And then there was Maggie, Denny’s boxer, who we walked with a few times a week. Maggie was one sweet pooch. And Denny was my pal. So, I confided in him my ambivalence about getting a dog. I said, “There are good things and bad.” And Denny responded, “No, there are only good things.” So, that was it. My resistance broken, we headed to the dog shelters. There were several visits to the ones in the area, where I was ready to take any dog. We even visited the snooty Helen Woodward Kennel in Rancho Santa Fe, where we didn’t quite measure up. They wanted my commitment that even if I were allergic to their dog, I would get treatment rather than return it, which I was not prepared to promise.
Once my defenses were broken there wasn’t much discriminatory skills to bring to bear to the decision. We did pick up some dog breed books to do some research, but it almost gets too confusing. We knew we didn’t want another Westie, since we didn’t want to merge Chumley’s memory with the new one. When had gotten Chumley from a pet shop, it was the same type of indecision. (Possibly a character trait of the writer?) I even managed to get a rare one week return option on that purchase. And, as it was expiring, I was still evaluating my options on whether to return our little bundles of joy. (There were two. Brewster died of a congenital disease at a half year of age)
After a week of looking, we dropped into the Oceanside kennel and walked around. There was this little curly haired guy, turned out to be half poodle, half cocker spaniel, a Cockapoo, who gave us both a wet lick on the nose as we leaned down to say hello. There was another dog that we were somewhat interested in but he was still in quarantine, so it was either this one or nothing. I looked at Sheila; She looked at me. And to seal the deal, the shelter was having an overstock special that week. A sweet fluffy dog, with a poodle fur that doesn’t cause allergies, that gives you a wet kiss, and at a bargain price----“let’s sign the contract,” I said. At His New House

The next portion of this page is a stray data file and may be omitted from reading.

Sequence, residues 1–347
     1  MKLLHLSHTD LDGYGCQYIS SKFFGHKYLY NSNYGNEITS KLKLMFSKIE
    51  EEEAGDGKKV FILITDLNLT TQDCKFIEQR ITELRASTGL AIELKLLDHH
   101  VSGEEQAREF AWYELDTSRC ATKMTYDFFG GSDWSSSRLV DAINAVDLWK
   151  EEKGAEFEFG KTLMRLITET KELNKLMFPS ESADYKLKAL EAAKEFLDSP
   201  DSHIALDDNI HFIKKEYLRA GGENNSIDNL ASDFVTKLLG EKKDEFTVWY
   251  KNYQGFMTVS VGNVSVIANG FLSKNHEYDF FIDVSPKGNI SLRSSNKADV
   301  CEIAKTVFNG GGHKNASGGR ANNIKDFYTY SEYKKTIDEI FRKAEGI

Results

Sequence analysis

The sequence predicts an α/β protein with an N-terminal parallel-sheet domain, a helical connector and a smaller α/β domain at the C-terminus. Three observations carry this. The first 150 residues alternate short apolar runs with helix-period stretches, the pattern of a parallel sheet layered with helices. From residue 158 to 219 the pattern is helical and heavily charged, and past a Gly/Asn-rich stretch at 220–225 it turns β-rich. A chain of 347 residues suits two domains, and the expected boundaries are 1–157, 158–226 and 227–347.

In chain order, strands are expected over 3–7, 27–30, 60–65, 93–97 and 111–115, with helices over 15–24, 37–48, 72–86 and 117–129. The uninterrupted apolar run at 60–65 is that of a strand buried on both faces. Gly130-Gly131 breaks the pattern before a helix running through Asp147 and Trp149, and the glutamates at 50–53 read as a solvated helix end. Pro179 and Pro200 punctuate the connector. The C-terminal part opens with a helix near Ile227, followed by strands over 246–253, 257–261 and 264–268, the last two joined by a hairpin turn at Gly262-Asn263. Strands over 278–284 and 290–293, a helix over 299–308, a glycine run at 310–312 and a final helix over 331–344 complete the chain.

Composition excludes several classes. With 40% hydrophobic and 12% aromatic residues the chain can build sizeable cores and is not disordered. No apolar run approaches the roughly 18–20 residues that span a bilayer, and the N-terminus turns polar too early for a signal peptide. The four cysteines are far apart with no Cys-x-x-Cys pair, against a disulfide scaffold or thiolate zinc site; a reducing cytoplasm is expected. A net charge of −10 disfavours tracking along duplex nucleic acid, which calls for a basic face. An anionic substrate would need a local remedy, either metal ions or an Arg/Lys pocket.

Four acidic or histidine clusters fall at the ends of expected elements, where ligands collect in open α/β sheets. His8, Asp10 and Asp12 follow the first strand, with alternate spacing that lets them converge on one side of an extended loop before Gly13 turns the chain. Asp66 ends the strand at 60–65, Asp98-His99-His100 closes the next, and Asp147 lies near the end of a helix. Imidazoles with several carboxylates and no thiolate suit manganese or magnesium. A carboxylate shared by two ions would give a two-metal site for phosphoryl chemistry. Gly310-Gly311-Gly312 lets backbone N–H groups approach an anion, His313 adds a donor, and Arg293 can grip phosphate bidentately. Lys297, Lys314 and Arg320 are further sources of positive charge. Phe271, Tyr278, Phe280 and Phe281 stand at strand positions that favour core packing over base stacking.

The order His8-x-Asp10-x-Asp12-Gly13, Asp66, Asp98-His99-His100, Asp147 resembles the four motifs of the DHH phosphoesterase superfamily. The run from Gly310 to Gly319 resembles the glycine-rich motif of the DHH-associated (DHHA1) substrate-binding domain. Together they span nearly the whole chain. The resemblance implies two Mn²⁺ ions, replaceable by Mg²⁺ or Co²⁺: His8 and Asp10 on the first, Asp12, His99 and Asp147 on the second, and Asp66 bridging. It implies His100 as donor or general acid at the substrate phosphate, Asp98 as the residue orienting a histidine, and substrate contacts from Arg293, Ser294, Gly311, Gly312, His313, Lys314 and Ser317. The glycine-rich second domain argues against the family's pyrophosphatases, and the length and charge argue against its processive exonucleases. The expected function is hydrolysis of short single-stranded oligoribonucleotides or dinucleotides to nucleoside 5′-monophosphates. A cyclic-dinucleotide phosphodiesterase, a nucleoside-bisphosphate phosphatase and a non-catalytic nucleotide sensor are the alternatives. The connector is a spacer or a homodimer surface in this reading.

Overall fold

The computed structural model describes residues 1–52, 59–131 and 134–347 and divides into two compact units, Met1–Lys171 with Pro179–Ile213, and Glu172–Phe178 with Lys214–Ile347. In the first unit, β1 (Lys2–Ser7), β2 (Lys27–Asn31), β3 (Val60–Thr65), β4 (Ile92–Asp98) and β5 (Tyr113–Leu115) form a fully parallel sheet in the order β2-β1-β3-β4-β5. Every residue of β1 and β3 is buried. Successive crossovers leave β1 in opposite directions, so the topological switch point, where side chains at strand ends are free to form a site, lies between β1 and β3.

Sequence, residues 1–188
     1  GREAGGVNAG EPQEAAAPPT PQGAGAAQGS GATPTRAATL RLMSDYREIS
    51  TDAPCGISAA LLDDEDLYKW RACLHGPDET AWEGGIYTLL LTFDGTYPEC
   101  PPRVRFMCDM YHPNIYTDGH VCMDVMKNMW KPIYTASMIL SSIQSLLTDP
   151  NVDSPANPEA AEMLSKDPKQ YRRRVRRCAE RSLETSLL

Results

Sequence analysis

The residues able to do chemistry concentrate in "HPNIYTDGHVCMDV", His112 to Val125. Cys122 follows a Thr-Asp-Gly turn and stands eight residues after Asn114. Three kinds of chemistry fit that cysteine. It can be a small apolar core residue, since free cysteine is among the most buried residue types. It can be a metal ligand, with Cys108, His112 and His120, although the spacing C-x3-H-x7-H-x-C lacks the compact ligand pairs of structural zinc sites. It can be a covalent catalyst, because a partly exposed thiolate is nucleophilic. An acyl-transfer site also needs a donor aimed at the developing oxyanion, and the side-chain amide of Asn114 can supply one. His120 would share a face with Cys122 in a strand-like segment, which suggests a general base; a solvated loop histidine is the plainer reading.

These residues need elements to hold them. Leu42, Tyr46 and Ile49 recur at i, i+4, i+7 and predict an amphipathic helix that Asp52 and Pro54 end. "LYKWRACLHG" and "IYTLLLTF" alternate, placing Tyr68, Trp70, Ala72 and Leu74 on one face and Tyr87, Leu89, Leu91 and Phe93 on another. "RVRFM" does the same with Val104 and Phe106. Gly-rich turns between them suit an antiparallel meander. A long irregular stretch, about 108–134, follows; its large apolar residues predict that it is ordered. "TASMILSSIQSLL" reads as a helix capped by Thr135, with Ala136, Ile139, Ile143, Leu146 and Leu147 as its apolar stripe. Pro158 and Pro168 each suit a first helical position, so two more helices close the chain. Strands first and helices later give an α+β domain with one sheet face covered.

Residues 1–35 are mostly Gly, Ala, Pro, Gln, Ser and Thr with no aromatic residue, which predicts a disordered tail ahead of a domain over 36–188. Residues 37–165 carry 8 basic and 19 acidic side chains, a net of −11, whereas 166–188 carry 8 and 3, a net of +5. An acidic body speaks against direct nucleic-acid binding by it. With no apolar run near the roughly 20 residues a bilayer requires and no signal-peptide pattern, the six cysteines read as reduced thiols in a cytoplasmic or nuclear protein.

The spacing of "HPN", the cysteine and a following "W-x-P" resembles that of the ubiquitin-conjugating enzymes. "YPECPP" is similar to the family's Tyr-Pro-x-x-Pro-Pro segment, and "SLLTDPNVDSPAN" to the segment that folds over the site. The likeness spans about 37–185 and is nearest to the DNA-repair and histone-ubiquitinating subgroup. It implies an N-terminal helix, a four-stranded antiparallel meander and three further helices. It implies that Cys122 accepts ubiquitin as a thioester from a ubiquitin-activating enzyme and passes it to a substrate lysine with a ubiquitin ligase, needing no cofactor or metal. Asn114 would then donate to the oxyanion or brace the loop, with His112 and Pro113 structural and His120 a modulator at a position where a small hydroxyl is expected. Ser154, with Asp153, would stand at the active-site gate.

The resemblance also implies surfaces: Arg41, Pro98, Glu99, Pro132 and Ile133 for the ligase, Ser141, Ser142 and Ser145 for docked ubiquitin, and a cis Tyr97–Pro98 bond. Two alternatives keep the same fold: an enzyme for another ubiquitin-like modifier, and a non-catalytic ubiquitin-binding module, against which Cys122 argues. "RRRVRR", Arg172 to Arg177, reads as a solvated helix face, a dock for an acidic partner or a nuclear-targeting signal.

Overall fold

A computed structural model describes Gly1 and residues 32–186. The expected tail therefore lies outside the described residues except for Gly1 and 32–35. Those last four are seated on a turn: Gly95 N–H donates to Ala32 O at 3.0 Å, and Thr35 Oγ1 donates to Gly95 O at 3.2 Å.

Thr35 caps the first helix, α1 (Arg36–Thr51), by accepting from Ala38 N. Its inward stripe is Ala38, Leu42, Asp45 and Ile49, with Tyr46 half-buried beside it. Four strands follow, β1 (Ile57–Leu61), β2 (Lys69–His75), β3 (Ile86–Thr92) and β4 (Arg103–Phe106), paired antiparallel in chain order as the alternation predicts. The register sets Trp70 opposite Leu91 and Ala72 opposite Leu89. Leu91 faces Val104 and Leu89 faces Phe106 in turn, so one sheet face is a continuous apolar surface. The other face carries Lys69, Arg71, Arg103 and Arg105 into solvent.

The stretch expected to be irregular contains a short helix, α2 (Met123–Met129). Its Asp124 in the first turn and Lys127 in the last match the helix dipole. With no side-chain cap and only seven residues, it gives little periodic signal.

So, we took him home. It really was a trial period like with Chumley, since they give you a free vet checkup and the opportunity to return him if it doesn’t work out. It seemed kind of strange having this creature here with us. And it must have seemed pretty strange to him too. Our memory was of Chumley, who couldn’t be close enough to us every minute of the day. Mitch, (that was his name and it sounded about right for him, so we kept it) was more aloof. We were told that the people who had him, had to get rid of him because of their health. That was it, no details, no names. The shelters protect both parties of these transactions, so no remorse can be acted on by the giver, and no recriminations expressed for a problem dog by the taker.
We fed him, walked him, played with him, all the doggie things. We got him a little round bed from Costco, that he seemed to find cozy, and we started our life together. We have a little back yard that we let him frolic around, which he seemed to enjoy. A couple days after we had brought him home, it was a Sunday morning, I let him out the in the back yard. I realized something was wrong immediately. The gate had been left ajar the previous day by our gardener, and Mitch had bolted. I dashed out the front door and saw him running down the street, ears flapping, and legs flailing. I ran after him, my plastic slippers flopping as I ran, shouting at the top of my voice, “Mitch, Mitch, Come Mitch, Mitch.” He was faster than me, and getting smaller as he made his first turn. I was tiring, and getting winded, as he flew on. We were on a residential street, but only a few blocks from a busy avenue. I thought about the little chip that was implanted for identification, but first he would have to survive the streets, which seemed like a long shot.
I remembered how it was in the country. There it was pretty common to see dogs walking alone along the road. Sometimes we would stop, but usually we wouldn’t. This was farm country, and a dog was livestock. Well, somewhat more, but too often, not much more. The county was discussing an ordinance to make it a crime to keep driving after hitting a small animal, but nothing to deter the people who let their animals roam.
But as Mitch was disappearing down the street, I thought of the shortness of our time together. Only two days, hardly time to get to know each other. How stupid, how careless of me, not to have checked the gate. And now he would be gone. But the fates had something different in mind. At the far end of the street there was a man walking his two dogs, and that’s where Mitch headed. There he was bouncing off the two dogs, putting them in shock, that they were being swarmed by this little guy who was all paws and licks. Mitch enjoys playing with other dogs with an unrestrained abandon, and there they where, two of them, right there for his enjoyment.